Fifteen of 19 policy makers said the federal funds rate will be increased in 2015 or later. In March, 14 policy makers predicted an increase in 2015 or later.
St. Louis Fed President James Bullard dissented, saying the committee should “signal more strongly its willingness to defend its inflation goal in light of recent low inflation readings.”
Kansas City Fed President Esther George dissented for the fourth meeting in a row, continuing to cite concern that keeping the benchmark interest rate near zero risks creating “economic and financial imbalances,” including asset price bubbles.
No change in policy was expected at today’s meeting. Fifty- eight of 59 economists in a June 4-5 Bloomberg Survey predicted the central bank would maintain the pace of purchases.
Investors are scrutinizing the Fed’s communications for signs the period of unprecedented stimulus is coming to an end as the economy makes recovers from the longest and deepest recession since the Great Depression.
Inflation is providing little impetus for a tapering in bond purchases. A gauge of consumer prices excluding food and energy that is watched by the Fed rose 1.1% in the year through April, matching the smallest gain since records started in 1960.
Speculation that an improving economy will prompt Fed policy makers to reduce bond buying last month triggered the biggest jump in 10-year Treasury yields since December 2010. The yield hit 2.29% on June 11, the highest intraday level since April 2012. The benchmark 10-year yield was little changed yesterday at 2.19%.
About $2 trillion has been erased from the value of global equities since Bernanke told U.S. lawmakers on May 22 that the FOMC “could” consider reducing bond purchases within “the next few meetings” if officials see signs of improvement in the labor market and are convinced the gains can be sustained.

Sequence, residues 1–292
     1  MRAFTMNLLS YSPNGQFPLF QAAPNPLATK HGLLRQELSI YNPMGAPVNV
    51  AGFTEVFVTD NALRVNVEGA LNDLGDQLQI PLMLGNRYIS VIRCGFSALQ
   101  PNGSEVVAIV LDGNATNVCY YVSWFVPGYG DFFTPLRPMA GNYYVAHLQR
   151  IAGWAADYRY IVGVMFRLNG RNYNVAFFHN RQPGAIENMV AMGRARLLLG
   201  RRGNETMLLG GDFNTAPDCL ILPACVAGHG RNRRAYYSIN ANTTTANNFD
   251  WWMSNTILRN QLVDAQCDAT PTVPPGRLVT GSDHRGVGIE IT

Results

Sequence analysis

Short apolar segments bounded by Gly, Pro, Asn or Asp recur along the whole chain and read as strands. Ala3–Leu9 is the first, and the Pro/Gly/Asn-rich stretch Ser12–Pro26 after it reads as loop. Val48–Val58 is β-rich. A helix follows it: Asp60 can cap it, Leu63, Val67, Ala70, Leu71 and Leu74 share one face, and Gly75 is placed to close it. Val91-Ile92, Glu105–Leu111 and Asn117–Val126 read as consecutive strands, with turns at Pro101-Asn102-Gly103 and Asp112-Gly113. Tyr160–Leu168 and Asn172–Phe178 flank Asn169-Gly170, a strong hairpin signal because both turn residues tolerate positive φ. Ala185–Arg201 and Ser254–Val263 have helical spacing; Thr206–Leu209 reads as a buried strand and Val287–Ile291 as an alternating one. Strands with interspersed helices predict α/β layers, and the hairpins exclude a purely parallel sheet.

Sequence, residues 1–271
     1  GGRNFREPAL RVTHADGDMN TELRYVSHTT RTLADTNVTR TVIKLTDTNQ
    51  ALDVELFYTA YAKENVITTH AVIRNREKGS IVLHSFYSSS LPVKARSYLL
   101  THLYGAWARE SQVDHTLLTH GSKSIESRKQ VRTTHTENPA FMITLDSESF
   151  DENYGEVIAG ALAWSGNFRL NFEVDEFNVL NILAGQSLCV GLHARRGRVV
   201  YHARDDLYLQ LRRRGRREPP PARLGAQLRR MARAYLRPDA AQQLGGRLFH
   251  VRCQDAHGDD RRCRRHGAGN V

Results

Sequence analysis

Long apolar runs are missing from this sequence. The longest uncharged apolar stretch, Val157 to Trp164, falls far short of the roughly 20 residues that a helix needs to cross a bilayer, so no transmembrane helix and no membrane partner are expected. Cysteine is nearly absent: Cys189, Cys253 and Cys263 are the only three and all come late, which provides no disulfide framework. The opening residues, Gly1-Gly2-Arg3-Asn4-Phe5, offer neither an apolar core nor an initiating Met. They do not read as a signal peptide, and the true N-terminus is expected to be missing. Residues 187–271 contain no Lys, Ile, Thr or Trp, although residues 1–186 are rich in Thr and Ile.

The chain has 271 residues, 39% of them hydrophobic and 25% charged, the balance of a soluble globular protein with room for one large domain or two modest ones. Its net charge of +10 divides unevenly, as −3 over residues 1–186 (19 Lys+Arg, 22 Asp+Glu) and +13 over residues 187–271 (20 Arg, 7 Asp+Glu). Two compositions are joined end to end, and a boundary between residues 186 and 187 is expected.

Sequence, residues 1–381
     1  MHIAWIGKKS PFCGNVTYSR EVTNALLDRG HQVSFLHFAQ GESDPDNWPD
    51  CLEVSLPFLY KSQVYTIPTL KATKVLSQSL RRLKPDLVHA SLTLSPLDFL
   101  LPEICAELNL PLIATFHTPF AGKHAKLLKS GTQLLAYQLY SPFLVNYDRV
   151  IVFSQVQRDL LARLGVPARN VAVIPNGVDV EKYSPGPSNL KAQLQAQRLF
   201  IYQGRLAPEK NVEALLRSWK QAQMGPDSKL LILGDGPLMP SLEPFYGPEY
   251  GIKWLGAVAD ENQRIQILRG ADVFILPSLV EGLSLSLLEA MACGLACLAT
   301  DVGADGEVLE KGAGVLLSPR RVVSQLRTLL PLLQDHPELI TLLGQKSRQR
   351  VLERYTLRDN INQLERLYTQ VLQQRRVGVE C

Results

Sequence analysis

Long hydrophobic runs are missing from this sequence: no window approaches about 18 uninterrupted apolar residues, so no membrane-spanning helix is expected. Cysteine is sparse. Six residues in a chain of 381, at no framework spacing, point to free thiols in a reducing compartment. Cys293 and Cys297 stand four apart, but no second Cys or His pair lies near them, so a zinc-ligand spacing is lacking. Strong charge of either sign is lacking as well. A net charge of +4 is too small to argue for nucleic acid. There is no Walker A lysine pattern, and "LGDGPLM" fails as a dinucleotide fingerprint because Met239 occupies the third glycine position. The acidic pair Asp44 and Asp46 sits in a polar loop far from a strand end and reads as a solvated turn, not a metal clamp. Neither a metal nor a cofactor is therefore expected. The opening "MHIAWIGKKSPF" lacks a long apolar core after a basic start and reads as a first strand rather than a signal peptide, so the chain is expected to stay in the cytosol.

The S&P 500 Index tumbled 3.6% between May 21 and June 5, the steepest such decline since November. The benchmark gauge for American equities rose 0.8% yesterday to 1,651.81.
Mortgage rates have soared the most in a decade on speculation the Fed’s purchases may slow. The interest rate on a 30-year fixed home loan climbed to a 14-month high of 3.98% last week, according to data compiled by Freddie Mac.
Investors may be over-reacting to the prospect of a reduction in the pace of bond purchases, said Nathan Sheets, the former head of the Fed’s international finance division.
“Tapering is not a reduction in stimulus,” said Sheets, now the global head of international economics at Citigroup Inc. in New York. “The Fed will still be buying, still removing duration from the market.”
Bernanke is nearing the end of his second four-year term, a period marked by unprecedented measures to battle the deepest recession since the 1930s and then to keep the economy growing at a pace that’s brisk enough to put millions of unemployed Americans back to work.